It probably doesn't help that I have friends having babies all over the place. A couple moms I know from church are due in a few months, and another few friends (including one who's older than me!) have recently had babies. And yes, I do find myself a tiny bit jealous of their tiny baby snuggles and sweet photo ops. Even seeing my Facebook memories over the last two weeks of Carter's early days has been emotional. I still remember those quiet maternity leave moments, whether it was overnight nursing sessions with milk-drunk smirks or peaceful afternoons on the couch watching him nap. The reality is that we do not have the energy, money, time, patience, or space for a third child. And yet I'm almost positive that years down the road one of my biggest regrets will be stopping at two. It's simply not possible right now for so many reasons, and it breaks my heart just a little bit every time I think about it. I don't doubt that the long-run rewards would be great (assuming everything went smoothly), but the short term effects seem too risky to attempt. From my health to the baby's health to Jacob's obvious issues with siblinghood, the odds of problems seem high. And once you add in practical things like another round of daycare, diapers, and expensive formula, or a car that won't fit three seats across, or a house that's crowded enough, none of it makes sense...aside from my heart wanting to be all in. Part of me wishes we could do it all over again and make the timing work, but deep down I'm guessing when push comes to shove, we probably wouldn't want to change much. I don't think I would have wanted to start earlier (at least not by much) or squeeze them closer (aside from the extra year of fertility issues)...so perhaps this was just destined to be how we ended up.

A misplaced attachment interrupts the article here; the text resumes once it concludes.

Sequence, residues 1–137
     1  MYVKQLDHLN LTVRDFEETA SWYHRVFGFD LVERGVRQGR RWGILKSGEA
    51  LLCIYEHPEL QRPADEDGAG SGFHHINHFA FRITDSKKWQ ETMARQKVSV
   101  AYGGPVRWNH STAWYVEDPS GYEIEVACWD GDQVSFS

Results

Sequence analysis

One of these days I will pick up Carter in my arms or hold his hand for the last time, or get what turns out to be my final bedtime snuggle. When it happens, I probably won't even know it. We've already passed so many of those "lasts" with Jacob and it makes me sad. Of course, we probably had an accelerated timeline because of how things went down around Carter's birth. I feel like a lot of things probably stopped in their tracks right around then. And while I feel like I've done everything to savor these moments with Carter, I can't help but wish I had one more chance. But I also know we're in a new phase of life and that is okay, too. Jacob's issues aside, I think we'd be in a pretty good place at this point, with one mostly independent kid and another that's well on his way. In theory we have more freedom now that we don't have a baby to care for. But Jacob's issues definitely complicate everything, and I think that's part of what makes me wish for more. Maybe it's just having another chance to make up for what I messed up, or maybe it's wanting to have a distraction from the day-to-day stress, or wishing that another baby would reset things somehow--no matter how ridiculous that probably is. I think when you have an undeniably tough situation in your life, you imagine every way possible to alter it. And while this is definitely not the most logical way, for some reason it keeps cropping up in my mind.
I'm so thankful for all of the firsts, and while I dread most of the lasts, I know they're a step forward to new opportunities and new phases in our lives. I should embrace that, but sometimes it's okay to be just a little sad for what will never be. Whether it's kid #3 or a peaceful household, some things just aren't in the cards...no matter how many times you shuffle the deck.